- Joint Program Reprint
- Journal Article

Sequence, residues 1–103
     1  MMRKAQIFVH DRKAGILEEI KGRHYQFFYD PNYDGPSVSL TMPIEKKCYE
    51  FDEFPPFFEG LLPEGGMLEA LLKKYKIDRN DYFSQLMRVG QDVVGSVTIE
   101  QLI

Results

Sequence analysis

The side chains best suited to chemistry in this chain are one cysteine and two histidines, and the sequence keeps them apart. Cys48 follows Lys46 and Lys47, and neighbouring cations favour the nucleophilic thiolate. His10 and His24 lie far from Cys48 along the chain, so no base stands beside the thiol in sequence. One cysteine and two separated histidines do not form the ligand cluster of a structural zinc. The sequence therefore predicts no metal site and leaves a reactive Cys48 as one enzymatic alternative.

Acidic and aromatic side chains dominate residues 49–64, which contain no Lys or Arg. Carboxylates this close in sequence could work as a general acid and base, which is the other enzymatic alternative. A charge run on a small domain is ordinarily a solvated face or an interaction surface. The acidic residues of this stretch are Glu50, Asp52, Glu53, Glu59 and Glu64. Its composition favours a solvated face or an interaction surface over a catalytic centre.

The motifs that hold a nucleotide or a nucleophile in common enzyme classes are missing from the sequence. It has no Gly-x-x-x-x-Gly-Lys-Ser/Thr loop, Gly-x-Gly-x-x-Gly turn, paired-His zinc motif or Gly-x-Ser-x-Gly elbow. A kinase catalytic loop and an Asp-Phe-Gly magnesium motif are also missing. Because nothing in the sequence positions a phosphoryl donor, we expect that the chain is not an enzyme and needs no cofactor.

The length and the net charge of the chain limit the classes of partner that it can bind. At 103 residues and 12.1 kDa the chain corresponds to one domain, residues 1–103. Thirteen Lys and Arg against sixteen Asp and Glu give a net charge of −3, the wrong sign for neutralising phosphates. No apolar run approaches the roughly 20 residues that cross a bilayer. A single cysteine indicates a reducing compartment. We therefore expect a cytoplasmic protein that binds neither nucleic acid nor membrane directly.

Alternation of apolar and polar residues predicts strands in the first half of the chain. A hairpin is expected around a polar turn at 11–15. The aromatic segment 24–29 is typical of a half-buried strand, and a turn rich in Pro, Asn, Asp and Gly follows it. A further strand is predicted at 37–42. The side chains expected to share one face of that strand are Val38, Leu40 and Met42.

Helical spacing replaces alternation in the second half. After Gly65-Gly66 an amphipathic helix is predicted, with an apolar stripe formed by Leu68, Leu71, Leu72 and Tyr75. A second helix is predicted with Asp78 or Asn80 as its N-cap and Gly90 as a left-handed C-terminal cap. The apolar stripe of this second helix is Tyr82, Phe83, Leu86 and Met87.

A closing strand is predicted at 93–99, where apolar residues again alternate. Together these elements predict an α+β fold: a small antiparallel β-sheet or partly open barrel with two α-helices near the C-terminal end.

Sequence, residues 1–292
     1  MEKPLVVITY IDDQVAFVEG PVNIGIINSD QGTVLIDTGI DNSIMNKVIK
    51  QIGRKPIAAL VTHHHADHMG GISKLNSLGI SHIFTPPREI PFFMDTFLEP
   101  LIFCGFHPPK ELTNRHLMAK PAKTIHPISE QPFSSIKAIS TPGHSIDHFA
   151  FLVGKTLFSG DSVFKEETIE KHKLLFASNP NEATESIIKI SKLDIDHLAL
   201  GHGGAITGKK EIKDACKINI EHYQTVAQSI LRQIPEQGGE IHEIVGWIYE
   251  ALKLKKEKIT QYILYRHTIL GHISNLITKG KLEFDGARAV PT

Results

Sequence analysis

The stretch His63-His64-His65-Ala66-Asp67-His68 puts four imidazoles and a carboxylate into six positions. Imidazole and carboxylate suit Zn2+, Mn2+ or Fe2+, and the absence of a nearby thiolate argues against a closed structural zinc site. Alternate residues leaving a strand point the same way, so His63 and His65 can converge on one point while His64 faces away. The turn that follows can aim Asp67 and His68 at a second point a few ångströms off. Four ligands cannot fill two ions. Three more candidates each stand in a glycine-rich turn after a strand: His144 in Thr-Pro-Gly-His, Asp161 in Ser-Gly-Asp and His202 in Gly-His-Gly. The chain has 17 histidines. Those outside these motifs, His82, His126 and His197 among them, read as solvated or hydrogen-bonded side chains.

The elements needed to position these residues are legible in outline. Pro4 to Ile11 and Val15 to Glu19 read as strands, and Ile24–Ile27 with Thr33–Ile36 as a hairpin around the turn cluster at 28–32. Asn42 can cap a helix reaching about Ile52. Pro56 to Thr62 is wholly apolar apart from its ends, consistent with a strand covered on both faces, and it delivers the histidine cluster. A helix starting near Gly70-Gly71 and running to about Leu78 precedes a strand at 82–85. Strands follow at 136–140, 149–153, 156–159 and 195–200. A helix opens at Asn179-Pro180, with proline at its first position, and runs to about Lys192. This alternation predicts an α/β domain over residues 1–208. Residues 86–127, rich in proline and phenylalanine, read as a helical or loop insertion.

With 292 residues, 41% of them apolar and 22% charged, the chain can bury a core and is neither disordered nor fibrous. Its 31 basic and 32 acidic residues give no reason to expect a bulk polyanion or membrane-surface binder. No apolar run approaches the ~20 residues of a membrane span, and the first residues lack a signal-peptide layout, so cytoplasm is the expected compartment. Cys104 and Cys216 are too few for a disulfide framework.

Almost half of the photosynthesis on Earth is carried out by phytoplankton in the sea. So these tiny cells play a huge part in the global carbon cycle, and in regulating climate by controlling the amount of the greenhouse gas CO2 in the atmosphere. Phytoplankton are the engine of the 'biological pump' (Fig. 1) that helps maintain a steep gradient of CO2 between the atmosphere and deep ocean. It has been suggested that we might increase the efficiency of this pump — thereby drawing more CO2 out of the atmosphere — by artificially supplying nutrients to the surface oceans. This suggestion is highly contentious. Papers by Boyd et al.1, Abraham et al.2 and Watson et al.3 (pages 695, 727 and 730 of this issue) will add fuel to the debate about the desirability of such 'geoengineering' solutions to Earth's ills. The papers describe the results of a fertilization experiment in the Southern Ocean, around Antarctica, and its scientific implications for interpreting past climate change.
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